Work on strategic plan begins in the Willmar, Minn., School District
WILLMAR -- The Willmar School Board began to take a closer look at how it does business this week, the beginning of a process that will lead to a new strategic plan for the school district's future.
One of the next steps will be a public meeting to discuss the district's strategic plan from 6 to 8 p.m. Wednesday in the rehearsal hall at the Willmar Education and Arts Center.
Consultant Bruce Miles, of Big River Group of St. Cloud, will facilitate the public meeting and will conduct a series of meetings at school buildings to touch base with the district's 700 employees.
Miles met with current board members and three who were elected on Nov. 6, as well as top administrators to talk about some of the basics of a strategic plan.
Superintendent Jerry Kjergaard said the current plan is five to six years old, "and it's time to look at it again."
Miles said he would lead the board and the rest of the district through a process that will result in a new plan early next year. He said he usually recommends developing four to six goals with a specific timetable and plans to achieve each.
The discussions would also help the board learn ways to manage the plan effectively and to make its discussions of academic achievement and other issues more productive, Miles said.
Kjergaard said the district's current plan was developed with broad goals and a five-year action plan. He expects the new plan to be more specific and have shorter timelines. The board will be able to make adjustments as short-term plans are completed.
Miles is a former teacher, school administrator and college professor who now works as a planning consultant with business, nonprofit and government clients. He praised the board for involving new members early in the process, even though they will not take office until January. "Transition between new and old members rarely happens," he said.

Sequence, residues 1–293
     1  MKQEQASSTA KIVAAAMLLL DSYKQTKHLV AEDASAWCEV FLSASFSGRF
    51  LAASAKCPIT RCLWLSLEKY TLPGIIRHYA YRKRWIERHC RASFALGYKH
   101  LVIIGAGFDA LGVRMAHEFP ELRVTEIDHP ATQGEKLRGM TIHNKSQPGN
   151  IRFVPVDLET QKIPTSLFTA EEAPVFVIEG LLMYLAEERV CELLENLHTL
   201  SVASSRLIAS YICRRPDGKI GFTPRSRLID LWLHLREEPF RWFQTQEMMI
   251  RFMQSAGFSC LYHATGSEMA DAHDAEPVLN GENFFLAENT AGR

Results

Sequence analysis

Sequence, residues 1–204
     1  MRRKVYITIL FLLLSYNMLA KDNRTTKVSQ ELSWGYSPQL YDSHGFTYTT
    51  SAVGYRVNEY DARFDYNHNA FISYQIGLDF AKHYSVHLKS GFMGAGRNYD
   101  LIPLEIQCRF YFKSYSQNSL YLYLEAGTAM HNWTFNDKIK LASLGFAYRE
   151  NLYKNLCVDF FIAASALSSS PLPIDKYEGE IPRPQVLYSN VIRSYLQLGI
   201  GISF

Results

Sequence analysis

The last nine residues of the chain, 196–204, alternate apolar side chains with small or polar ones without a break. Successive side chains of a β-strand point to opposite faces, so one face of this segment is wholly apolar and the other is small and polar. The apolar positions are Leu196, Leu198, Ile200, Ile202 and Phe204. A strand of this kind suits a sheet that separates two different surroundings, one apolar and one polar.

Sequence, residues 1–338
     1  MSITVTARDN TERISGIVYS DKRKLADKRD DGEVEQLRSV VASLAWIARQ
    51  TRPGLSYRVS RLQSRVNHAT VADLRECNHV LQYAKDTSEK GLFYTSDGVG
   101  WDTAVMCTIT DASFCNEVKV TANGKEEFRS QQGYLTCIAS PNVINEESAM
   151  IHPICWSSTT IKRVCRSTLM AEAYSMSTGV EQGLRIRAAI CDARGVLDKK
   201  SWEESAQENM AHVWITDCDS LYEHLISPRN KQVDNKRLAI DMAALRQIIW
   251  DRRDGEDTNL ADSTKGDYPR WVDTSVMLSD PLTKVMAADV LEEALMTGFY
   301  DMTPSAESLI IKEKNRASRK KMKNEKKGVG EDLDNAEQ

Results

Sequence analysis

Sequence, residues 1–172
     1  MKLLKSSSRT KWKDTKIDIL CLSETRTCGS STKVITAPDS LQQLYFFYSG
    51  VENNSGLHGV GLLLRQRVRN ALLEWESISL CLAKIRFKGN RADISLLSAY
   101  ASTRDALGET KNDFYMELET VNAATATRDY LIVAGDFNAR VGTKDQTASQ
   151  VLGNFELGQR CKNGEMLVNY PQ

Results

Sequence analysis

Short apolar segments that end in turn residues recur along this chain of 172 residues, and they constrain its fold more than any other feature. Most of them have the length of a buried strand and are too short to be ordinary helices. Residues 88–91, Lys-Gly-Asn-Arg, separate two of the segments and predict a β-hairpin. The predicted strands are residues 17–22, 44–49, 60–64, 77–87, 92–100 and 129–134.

At the first meeting this week, Miles took the board through discussions of issues they believed were going well or not working out as well as expected.
Some issues were on multiple lists, with board and administrators listing curriculum as a strength, because of increasing alignment with state standards, and a weakness because budget problems in the past delayed updates. The one-to-one iPad initiative at the Senior High was seen as a plus that has gone better than expected. The group listed challenges in the English Language Learner, Title I and special education programs.
Miles provided reading material about the qualities of effective school boards and warning signs of a board that is micromanaging its staff. "I don't assume you are micromanaging," he said. "I throw it out there to consider."
Earlier this month, a two-question online survey was posted on the district's website. It was answered by 146 members of the public and 82 employees.
Miles said the survey answers contained many thoughtful comments about the district's future from residents and staff. He has conducted such surveys many times, he said, and they are sometimes an opportunity for people to vent their feelings anonymously. In some organizations, the answers can be "radioactive," he said.
But in Willmar, "nobody took a shot," he said. "People here clearly want to see change, but they also see things working well."
The district contracted with Miles' Big River Group at a cost of $10,300 to help facilitate the strategic plan discussion.